People communicate, think and behave “predictably” different based upon behavioral concepts. By knowing what these behavioral trends are we can improve our relationships and interpersonal communication for both business/professional and for personal reasons. When we can appreciate the differences in our friends, family, co-workers, students and teammates we can learn to adapt to their style and function much more efficiently. This winter I attended an LPGA sponsored webinar to help us an instructors identify golfers/students personality types quickly so that we can “click” and teach them more efficiently.
The golden rule that we are familiar with…”try to treat others as you would like to be treated yourself” doesn’t always work when it comes to relationships. Instead they suggest that we try to improve our communication skills with a new thought…”try to treat others as they wish to be treated instead of only thinking how you would like to be treated”. This can explain why sometimes we “click” with some and “clash” with others. This webinar taught us how to “read” people and tune into their wavelength in order to communicate with them on their channel. Hopefully, making for a better work or home environment for us all. Keep in mind that no one is identified as just one type of bird but we definitely have a more dominant “bird” with bits and pieces of the other birds in our personality as well. Also, there are no good or bad birds they are simply observations to identify personality types. These are your DOPE birds Have fun trying to label your golf buddies with a bird type the next time you play.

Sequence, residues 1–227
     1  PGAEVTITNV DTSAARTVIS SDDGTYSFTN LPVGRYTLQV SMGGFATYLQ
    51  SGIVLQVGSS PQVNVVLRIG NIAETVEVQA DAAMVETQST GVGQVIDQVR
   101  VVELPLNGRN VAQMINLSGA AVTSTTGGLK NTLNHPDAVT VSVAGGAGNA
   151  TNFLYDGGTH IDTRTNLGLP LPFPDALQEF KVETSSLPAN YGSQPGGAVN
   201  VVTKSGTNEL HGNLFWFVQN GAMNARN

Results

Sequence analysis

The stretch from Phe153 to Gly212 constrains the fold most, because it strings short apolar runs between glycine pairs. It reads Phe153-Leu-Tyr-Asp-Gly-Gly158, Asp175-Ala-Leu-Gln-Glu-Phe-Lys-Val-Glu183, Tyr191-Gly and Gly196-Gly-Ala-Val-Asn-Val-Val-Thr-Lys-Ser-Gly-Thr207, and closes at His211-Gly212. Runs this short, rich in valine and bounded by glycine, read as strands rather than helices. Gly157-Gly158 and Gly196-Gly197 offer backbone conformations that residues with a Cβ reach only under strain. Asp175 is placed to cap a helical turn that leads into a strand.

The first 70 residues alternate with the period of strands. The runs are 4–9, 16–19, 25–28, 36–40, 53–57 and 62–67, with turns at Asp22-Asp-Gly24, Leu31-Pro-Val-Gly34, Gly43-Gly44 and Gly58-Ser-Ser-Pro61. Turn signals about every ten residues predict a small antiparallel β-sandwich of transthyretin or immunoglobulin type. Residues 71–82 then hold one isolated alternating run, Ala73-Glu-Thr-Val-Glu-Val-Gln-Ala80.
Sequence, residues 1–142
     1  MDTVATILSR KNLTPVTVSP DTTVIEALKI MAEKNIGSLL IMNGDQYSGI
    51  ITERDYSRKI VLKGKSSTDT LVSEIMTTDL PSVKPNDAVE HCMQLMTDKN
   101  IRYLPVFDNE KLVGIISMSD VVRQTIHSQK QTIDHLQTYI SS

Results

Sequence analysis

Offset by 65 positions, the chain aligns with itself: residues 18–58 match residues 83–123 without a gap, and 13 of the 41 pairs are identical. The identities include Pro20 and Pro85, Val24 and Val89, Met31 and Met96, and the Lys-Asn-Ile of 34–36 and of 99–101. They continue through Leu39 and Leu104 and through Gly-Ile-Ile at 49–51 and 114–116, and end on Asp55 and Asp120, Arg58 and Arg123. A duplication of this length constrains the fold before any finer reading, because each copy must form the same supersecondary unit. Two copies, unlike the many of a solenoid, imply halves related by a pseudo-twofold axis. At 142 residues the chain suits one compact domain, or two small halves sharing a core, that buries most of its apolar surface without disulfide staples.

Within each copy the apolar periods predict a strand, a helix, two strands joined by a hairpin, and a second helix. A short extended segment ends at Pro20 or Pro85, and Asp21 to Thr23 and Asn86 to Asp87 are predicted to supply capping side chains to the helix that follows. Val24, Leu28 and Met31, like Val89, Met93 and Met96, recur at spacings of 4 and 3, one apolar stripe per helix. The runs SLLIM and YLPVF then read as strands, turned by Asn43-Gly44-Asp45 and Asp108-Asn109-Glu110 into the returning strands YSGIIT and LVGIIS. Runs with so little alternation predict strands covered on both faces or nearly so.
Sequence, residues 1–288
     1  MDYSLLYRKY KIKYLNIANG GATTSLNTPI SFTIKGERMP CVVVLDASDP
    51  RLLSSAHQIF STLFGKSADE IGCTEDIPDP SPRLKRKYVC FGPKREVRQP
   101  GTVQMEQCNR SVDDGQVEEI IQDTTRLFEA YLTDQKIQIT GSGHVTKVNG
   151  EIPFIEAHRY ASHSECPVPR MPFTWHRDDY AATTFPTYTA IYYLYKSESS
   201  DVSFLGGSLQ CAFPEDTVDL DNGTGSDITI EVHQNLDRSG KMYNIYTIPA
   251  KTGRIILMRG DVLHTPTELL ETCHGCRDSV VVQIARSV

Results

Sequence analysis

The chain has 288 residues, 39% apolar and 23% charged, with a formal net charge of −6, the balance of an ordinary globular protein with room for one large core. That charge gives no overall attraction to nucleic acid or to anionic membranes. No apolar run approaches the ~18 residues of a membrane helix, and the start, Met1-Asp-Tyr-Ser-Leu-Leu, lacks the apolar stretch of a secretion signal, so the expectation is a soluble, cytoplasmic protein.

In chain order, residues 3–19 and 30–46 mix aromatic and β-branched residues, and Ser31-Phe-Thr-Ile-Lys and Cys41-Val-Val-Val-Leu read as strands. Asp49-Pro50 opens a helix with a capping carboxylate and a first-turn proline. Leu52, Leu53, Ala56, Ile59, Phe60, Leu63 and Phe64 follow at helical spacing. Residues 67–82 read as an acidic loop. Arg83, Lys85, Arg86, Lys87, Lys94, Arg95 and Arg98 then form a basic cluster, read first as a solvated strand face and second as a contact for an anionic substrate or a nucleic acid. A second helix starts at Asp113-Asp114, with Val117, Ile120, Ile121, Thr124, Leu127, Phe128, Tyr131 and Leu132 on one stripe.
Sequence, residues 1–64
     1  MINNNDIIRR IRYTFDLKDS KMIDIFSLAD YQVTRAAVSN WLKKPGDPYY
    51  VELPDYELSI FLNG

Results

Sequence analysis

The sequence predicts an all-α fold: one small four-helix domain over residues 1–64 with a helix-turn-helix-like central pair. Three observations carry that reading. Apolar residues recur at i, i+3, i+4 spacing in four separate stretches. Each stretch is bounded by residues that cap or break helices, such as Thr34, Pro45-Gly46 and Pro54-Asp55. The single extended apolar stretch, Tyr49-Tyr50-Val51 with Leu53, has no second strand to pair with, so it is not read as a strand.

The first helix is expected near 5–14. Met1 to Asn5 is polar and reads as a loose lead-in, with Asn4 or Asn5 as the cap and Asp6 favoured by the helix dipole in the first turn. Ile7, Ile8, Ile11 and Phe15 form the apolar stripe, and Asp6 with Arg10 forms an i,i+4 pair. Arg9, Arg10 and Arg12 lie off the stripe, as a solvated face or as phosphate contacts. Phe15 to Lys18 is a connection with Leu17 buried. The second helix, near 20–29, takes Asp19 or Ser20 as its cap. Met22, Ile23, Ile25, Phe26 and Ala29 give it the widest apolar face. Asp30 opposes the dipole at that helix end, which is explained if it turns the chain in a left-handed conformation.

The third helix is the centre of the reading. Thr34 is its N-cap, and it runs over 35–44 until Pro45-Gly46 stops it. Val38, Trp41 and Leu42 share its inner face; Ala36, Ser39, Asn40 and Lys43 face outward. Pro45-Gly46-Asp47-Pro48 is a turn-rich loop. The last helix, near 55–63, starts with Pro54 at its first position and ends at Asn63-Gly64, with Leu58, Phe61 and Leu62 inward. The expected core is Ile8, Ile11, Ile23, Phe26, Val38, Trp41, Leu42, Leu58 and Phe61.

Dove – Diplomatic person…it’s all about “the people” for them in life. The pros to this bird are listening skills, supportive, reliable and pleasant. The cons to this bird are complying, retiring, over sensitive and softhearted. They often seek acceptance in what they do and their occupations are usually teachers or social workers. They prefer a friendly workplace and appear casual or conforming. Their pace is slow or relaxed. When interacting with a Dove, try to be warm and sincere with them while showing personal interest. You must allow time for trust and show that you are listening.
Owl – Wise person…it’s all about “the process” for them in life. The pros to this bird are systematic, diligent, persevering and structured. The cons to this bird are critical, picky, righteous and stiff. They often seek accuracy in what they do and their occupations are usually accountants or engineers. They prefer a structured workplace and appear formal or conservative. Their pace is slow or systematic. When interacting with an Owl, try to be thorough and well prepared with them and support their organized approach. You must use actions not data to demonstrate and be ready to provide solid facts and not opinions to them.
Peacock – Social person…it’s all about the “the chase” for them in life. The pros to this bird are their enthusiasm, invigorating, optimistic and animated. The cons are inattentive, excitable, impatient and manipulative. They often seek recognition in what they do and their occupations are usually in sales or art. They prefer a stimulating workplace and appear fashionable or stylish. Their pace is fast and spontaneous. When interacting with a Peacock, try to be interested in them and support their ideas and dreams. Don’t rush a discussion and try not to argue instead try to find things you can agree with them. Use incentives to affect decisions.
Eagle – Dominant person…it’s all about “the win or bottom line” for them in life. The pros to this bird are leadership, firm, comprehensive, and productive. The cons are impatient, uncompromising, overbearing and pressuring. They often seek productivity in what they do and their occupations are usually top executives or military leaders. They prefer an efficient workplace and appear businesslike or functional. Their pace is fast and decisive. When interacting with an Eagle, try to be thorough and well prepared with them and support their goals and objectives. Keep your relationship businesslike and argue only with facts not personal feelings. Recognize ideas not the person. Be precise and organized when you present a bottom line.